Dealing With Disappointment

                 Let’s face it.  Sometimes we do everything right, and we still don’t end up with the right results.  We can put everything in place for success, but it may just not go our way.  In that case there may be frustration, sadness and definitely disappointment felt by you as a leader and by your team members.  As leaders, we always want our teams to strive for the goal with the expectation of excellence. We push ourselves and our partners with the idea that we will accomplish our mission because we are working hard and doing the ‘right’ things.  What if that just isn’t enough?  What if personal issues or politics get in the way? It is a part of life that not everything is perfect; so how do we handle it?

                There are many psychologists, counselors and spiritual advisors who are ready to answer this question.  Honestly, they are much better equipped to deal with the emotional side of this issue.  Since I am more process-oriented, let’s approach this question from that angle.  With every single project or goal, there should be a final review by the team.  This may seem like overkill or an unnecessary step.  However, it is essentially the first step of planning for the next project.  The team should always come together – success or failure – to look again at the entire process. 

                There are usually five steps to goal accomplishment – planning, analysis, design, implementation (action) and support (long-term viability).  Each one is critical to mission success.  During the final review, the team needs to ask What went right? and What went wrong? during each phase.  This is a time for leaders to be brutally honest.  Allow the team to delve into questions like – Was the communication sufficient? Were there issues getting supplies?  What were the chokepoints or bottlenecks along the way?  Was support lacking or strong from upper management?  This should be an opportunity for the team to let loose on the positives and negatives. 

                The review session is not complete, however, without going over every single positive and negative, asking How can we repeat this (for positives)? and How can we prevent this next time (for negatives)? This is the most important part!  Making a list of good and bad stuff is all well and good, but it does nothing for you as a leader or as an organization unless there are actions taken as a result of that feedback.  So how does all of this help with the initial issue of disappointment?  Disappointment is an emotion but the review process I just described helps take emotion out of the picture for a moment.  If we as leaders can remove emotion from the equation, it can help everyone regain the right focus because it is a process, not a personal endeavor.  The failure is on the project, not on the people.  Along the way of the review, there may be a negative that just could not have been predicted or foreseen.  It can be easier for the team to see that the failure of the project was not their fault if approached in this way.  Ease the emotion by approaching the subject through the objective – it’s one idea.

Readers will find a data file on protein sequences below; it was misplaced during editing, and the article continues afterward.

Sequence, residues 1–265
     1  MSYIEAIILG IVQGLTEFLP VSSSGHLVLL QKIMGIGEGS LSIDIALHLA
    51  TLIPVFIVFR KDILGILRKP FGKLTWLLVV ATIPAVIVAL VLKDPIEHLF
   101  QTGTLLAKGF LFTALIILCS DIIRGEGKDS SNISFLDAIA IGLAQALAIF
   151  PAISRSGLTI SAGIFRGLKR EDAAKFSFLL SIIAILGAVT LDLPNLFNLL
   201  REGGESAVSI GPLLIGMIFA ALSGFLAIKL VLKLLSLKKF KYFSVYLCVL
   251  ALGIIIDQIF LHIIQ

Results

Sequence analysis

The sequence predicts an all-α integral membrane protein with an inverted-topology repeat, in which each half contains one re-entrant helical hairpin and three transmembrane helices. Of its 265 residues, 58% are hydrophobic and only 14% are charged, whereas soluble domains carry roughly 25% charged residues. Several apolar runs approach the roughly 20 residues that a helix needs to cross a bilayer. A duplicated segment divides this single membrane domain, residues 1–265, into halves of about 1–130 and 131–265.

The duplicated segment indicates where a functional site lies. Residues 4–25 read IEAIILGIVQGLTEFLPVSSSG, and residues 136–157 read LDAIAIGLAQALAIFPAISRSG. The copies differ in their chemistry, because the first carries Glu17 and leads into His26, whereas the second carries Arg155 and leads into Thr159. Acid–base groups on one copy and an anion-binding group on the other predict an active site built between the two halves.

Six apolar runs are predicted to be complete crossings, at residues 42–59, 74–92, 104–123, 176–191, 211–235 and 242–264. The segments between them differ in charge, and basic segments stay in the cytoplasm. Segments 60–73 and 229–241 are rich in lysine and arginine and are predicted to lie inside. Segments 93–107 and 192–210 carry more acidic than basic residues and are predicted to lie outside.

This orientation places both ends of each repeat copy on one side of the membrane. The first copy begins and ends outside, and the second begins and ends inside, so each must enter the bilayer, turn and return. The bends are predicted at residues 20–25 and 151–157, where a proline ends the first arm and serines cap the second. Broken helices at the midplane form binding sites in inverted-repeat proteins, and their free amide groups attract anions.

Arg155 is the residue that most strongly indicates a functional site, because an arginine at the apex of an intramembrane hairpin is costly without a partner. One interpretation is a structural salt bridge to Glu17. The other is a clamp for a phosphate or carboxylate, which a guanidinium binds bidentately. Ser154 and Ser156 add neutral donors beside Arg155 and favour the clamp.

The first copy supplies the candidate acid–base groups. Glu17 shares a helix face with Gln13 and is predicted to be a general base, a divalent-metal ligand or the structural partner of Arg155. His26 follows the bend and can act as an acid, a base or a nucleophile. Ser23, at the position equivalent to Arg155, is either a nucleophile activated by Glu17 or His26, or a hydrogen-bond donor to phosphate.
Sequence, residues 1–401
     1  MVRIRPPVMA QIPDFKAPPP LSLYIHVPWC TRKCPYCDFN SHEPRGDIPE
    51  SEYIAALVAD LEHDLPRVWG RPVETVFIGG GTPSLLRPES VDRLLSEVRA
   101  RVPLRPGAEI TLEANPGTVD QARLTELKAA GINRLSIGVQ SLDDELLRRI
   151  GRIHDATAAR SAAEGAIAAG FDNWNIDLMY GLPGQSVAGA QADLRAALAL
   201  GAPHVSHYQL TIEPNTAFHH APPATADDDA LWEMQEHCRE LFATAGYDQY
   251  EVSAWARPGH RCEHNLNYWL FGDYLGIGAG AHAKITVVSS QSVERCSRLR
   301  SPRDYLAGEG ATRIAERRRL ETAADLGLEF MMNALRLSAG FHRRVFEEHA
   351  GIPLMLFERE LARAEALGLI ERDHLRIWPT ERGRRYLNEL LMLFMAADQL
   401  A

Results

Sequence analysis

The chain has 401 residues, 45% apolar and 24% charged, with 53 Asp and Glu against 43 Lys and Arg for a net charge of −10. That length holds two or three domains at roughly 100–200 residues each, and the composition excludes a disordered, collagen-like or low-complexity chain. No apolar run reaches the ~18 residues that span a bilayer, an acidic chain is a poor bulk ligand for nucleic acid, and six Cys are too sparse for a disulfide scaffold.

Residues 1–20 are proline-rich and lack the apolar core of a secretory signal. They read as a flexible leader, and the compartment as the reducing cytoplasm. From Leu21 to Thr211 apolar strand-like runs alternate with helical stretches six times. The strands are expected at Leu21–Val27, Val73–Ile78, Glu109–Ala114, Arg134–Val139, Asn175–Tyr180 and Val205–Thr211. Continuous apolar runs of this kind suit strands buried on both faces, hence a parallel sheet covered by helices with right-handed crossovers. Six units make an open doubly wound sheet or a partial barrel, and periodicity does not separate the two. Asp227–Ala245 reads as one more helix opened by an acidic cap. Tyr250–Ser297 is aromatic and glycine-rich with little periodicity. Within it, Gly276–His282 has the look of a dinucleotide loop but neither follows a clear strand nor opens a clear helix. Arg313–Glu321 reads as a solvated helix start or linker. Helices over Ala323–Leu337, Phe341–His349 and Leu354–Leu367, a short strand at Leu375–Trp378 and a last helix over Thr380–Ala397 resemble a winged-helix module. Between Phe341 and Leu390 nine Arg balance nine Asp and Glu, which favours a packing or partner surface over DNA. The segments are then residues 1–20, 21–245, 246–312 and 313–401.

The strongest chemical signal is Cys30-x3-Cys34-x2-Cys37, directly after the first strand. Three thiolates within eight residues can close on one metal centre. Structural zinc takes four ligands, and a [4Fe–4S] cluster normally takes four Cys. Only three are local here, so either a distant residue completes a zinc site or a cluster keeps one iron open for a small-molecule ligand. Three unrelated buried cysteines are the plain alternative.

Lori Buresh

CEO, The Professional Development Team

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  1. #1 by Ikonographi on October 22, 2012 - 12:50 pm

    Great subject…

    I think as leaders we face two distinct obstacles with less than expected results…one; managing the expectations of the team…two; managin oru own expectations. I personally think that the largest portion of leadership-greater perhaps than even competency; is the ability to “carry on” in the mdist of diminshing returns. Sometimes, the only difference between “winning” and “losing” is staying focused even in the midst of intermitent failure…

    Feelings of frustration…lack of control…loss of gravitas-these all translate to lack of confidence and cohesion within a team.

    • #2 by The Professional Development Team on October 22, 2012 - 1:19 pm

      I agree with you to a point. I submit not all frustration or lack of control is due to issues within a leader’s pervue. If Pakistan decides to bomb India which causes a ship to respond and therefore cancels a port call for a tired crew, I believe that is not something the leader had the ability to stop. However, I agree with your point about managing expectations on both sides – for the team and for the leader. In my suggested scenario, leaders have to take the time to still go through their process review, but instead look for ways to give people some needed rest on board. The idea is still to deflect some of the emotion away from the Navy or from the ship, but to the rising tensions abroad. I guess the bottom line is refocusing the team is critical and that is what leaders need to accomplish in whatever manner is fitting.

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